Synonyms for astronomischen or Related words with astronomischen

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Examples of "astronomischen"
Since 1980 the society has been twinned with the Karlruhe Astronomical Society (Astronomischen Vereinigung Karlsruhe, AOD) based in Germany.
He established also the "Repertoriums der Experimentalphysik, der physikalischen Technik und der astronomischen Instrumentenkunde" in 1865, which he edited until 1882. His published works include:
From 1877 Ginzel worked at the observatory in Vienna. In 1886 he became a member of the Königlichen Astronomischen Recheninstituts in Berlin, where he was offered a professorship in 1899.
He not only produced some scientific works, but also popularized astronomy. Between 1788 and 1825, he published the "St. Petersburger Kalender", and between 1808 and 1818 the "St. Petersburger astronomischen Taschenkalender". He also wrote for the newspapers and for the German language "St. Petersburger Zeitung", which he edited from 1810 until his death.
During and after the Turkish war (1877–1879), Järnefelt lead the topographic survey of many areas which Russia conquered from Turkey. These works, on which he also wrote a German-language scientific treatise "Die astronomischen, geodätischen und topographischen Arbeiten auf der Balkanhalbinsel in der Jahren 1877, 1878 und 1879", earned him a promotion to general major.
He wrote also "Historische Untersuchungen über die astronomischen Beobachtungen der Alten" (“Historical investigations on the astronomical observations of the ancients,” Leipzig, 1806), "Untersuchungen über den Ursprung und die Bedeutung der Sternnamen" (“Investigations on the origin and significance of the names of stars”) and "Über den Ursprung des Thierkreises" (“Origins of the zodiac,” 1838). With Nolte he published handbooks on English and French language and literature.
In 1906 he began researching problems bordering both astronomy and geophysics, starting with the warming of the Earth by the Sun. We owe mainly to Hopfner the sharp distinction he made between the daily and seasonal average irradiation. In 1927 he went into the subject in more detail, laying out his discoveries in his "Mathematical Foundations of an Astronomical Theory of Climatic Variation" ("Mathematische Grundlagen zu einer astronomischen Theorie der Klimaschwankungen"), which won him the "Seegenpreis".
For a long period, he was unable to find employment, so he had to earn his living through the publication of Almanacs/ Calendars. He was assisted in the calculations by his second wife and their children. A few series of almanacs appeared across several decades. For a time, he published up to 13 almanacs a year, a few appearing under pseudonyms and he also continued established almanacs from other authors under their name. As examples could be cited "Christian-, Jewish- und Turkish-Almanac", the "Gipsy-Almanac" the "Sibylla Ptolemaein, a Gipsywoman from Alexandria in Egypten", the "Astronomischen Wunder-Kalender", the "Wahrhaftigen Himmels-Boten", the "Gespenster- und Haushaltungs-Kalender" by "Johann Friedrich von Rosenfeld / Der Astronomiae Ergebener" and from 1700 the various Academy Almanacs as 'Astronomer Royal' in Berlin.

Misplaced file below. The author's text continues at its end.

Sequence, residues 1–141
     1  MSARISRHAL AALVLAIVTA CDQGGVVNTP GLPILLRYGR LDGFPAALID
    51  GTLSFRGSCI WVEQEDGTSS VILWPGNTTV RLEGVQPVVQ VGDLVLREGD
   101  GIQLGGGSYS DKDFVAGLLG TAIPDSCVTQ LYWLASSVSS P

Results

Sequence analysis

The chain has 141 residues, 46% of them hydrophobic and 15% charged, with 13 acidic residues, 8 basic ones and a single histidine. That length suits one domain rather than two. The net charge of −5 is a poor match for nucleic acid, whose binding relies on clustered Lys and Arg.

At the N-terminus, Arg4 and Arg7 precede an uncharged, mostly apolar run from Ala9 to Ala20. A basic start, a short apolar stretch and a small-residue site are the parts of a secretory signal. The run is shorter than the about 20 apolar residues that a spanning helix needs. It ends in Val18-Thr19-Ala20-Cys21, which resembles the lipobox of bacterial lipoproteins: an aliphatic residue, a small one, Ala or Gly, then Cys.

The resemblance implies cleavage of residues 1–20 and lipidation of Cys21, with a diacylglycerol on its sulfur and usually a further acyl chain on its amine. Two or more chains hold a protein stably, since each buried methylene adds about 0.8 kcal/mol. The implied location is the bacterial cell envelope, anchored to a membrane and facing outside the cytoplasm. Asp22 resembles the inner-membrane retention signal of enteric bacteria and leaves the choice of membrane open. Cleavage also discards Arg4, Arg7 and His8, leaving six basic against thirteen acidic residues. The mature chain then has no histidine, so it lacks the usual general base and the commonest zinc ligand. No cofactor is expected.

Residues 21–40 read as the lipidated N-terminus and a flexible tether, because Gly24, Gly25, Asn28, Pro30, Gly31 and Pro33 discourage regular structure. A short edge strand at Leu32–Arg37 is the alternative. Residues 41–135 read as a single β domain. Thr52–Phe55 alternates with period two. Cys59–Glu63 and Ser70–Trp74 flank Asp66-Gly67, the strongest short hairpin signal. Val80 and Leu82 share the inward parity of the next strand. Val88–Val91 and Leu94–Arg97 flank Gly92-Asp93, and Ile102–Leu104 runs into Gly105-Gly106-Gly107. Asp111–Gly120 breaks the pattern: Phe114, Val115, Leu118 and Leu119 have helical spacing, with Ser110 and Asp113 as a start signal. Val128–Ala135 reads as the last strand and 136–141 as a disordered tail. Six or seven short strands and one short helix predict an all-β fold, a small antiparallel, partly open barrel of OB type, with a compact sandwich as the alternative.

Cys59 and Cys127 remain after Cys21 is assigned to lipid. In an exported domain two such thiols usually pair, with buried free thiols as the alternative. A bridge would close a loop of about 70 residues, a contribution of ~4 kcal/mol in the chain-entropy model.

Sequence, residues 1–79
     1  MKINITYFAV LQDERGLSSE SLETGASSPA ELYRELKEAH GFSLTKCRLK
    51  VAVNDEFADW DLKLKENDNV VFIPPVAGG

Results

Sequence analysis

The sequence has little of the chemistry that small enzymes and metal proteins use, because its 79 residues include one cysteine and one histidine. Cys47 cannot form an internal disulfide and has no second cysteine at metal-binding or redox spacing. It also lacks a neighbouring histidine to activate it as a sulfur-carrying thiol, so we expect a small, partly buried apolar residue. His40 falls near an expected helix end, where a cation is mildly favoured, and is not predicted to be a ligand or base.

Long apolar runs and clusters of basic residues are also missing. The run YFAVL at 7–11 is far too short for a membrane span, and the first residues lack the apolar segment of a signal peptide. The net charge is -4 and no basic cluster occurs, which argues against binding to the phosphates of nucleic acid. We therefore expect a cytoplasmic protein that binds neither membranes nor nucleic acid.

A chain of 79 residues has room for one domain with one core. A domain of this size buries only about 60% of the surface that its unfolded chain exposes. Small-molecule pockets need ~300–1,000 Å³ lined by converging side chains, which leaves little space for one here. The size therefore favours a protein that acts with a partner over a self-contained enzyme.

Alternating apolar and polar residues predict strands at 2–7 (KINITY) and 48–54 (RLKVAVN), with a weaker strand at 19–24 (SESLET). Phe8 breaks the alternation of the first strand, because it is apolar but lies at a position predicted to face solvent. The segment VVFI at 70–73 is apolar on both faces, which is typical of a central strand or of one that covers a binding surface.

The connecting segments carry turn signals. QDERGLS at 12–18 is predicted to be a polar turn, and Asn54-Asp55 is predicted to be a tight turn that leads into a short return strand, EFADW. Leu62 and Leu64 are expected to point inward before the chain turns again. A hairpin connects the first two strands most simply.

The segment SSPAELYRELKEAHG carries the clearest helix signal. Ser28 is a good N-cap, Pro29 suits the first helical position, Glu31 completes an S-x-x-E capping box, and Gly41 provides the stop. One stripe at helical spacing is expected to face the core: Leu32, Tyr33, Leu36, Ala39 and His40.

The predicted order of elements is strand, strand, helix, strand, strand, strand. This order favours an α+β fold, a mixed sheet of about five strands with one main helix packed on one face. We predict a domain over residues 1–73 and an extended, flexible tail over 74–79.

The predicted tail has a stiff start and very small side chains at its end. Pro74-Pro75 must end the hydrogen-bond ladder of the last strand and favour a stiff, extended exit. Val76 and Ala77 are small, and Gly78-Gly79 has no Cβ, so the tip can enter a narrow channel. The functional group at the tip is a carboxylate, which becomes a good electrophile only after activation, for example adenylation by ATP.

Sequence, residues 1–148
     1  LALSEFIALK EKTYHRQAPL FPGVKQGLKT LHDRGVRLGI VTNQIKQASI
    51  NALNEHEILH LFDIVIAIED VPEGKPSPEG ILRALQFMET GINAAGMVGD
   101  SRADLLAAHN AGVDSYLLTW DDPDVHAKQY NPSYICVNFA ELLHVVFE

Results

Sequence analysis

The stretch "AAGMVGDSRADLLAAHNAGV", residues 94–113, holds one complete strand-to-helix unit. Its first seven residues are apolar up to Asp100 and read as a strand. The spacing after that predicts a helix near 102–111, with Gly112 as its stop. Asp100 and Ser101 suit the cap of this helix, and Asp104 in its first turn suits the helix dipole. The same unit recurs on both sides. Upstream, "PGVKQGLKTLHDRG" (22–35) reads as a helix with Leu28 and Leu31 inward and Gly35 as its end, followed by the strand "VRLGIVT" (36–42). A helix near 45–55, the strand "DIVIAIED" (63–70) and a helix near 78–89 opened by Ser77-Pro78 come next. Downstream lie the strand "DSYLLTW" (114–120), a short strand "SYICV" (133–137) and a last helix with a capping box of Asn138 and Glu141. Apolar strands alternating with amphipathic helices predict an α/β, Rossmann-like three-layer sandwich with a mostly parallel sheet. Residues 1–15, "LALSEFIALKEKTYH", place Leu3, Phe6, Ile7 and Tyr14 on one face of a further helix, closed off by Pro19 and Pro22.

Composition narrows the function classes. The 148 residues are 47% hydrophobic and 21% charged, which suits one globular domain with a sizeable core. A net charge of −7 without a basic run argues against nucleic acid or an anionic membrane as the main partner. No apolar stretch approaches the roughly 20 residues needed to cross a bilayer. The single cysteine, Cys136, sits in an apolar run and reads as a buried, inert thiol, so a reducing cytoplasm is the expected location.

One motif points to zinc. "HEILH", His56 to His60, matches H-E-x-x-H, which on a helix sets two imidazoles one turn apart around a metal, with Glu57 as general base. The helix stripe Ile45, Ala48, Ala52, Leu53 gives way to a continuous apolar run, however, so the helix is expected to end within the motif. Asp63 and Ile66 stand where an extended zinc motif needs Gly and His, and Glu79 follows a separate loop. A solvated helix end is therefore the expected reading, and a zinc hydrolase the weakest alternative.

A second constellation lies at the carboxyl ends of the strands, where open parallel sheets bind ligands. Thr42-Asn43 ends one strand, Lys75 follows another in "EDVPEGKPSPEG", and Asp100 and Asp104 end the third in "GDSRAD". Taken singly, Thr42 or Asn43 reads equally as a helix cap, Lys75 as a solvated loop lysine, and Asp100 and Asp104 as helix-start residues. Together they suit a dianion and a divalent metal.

The year after Wattenburg took over at the observatory, the first copy of a regular observatory newsletter under the name "Mitteilungen" appeared. Also in 1949 he founded the "Astronomical News Service" (""Astronomischen Nachrichtendienst"") in response to what he saw as a shortage of newspapers and books on his topic. Arguably of even great importance were the little books and "brochures" which he had been publishing since 1947, giving a wide public access to developments in the field of astronomical research, at a time when many people were living as refugees and organised entertainment was in short supply. He also regularly contributed material to enthusiasts' magazines including , , Natur und Kultur, Stimmen der Zeit and (still) Das Weltall. On 23 August 1951 his contribution was recognised with the award of the by the Berlin city authorities.
Wilhelm Foerster led the observatory until the end of his life in 1903. It was his impulse that led to the erection of the Astrophysikalischen Observatoriums Potsdam in 1874 for on the Telegrafenberg in Potsdam. On the Telegrafenberg stood formerly the „Telegraphenstation 4" which given the hill its name. In the same year Foerster founded the Berlin Astronomische Rechen-Institut (as "Rechen-Institut zur Herausgabe des Berliner Astronomischen Jahrbuchs"), on the basis of the ever growing extent of calculation of astronomical ephemerides, which occupied its own building at ″Lindenstraße 91″, but on the grounds and in association with the observatory. Most of the astronomers now worked in this theoretical section – separate from the practical, observational section. The section was led by Friedrich Tietjen, who had been working at the obervatory since 1861. In 1865 he discovered the asteroid (86) Semele. After Tietjens death, Julius Bauschinger was called to Berlin in 1896 as his successor. In the following year he achieved in making the institute fully independent of the observatory. In 1912 it moved into a new building in Berlin-Lichterfelde. In 1944 it was placed under the control of the Navy and transferred to Sermuth in Saxony to avoid the bombing. After the Second World War the greater part was brought to Heidelberg in 1945. Only a small remaining section returned to the observatory, which by now had moved to Potsdam-Babelsberg and it was again incorporated in 1956.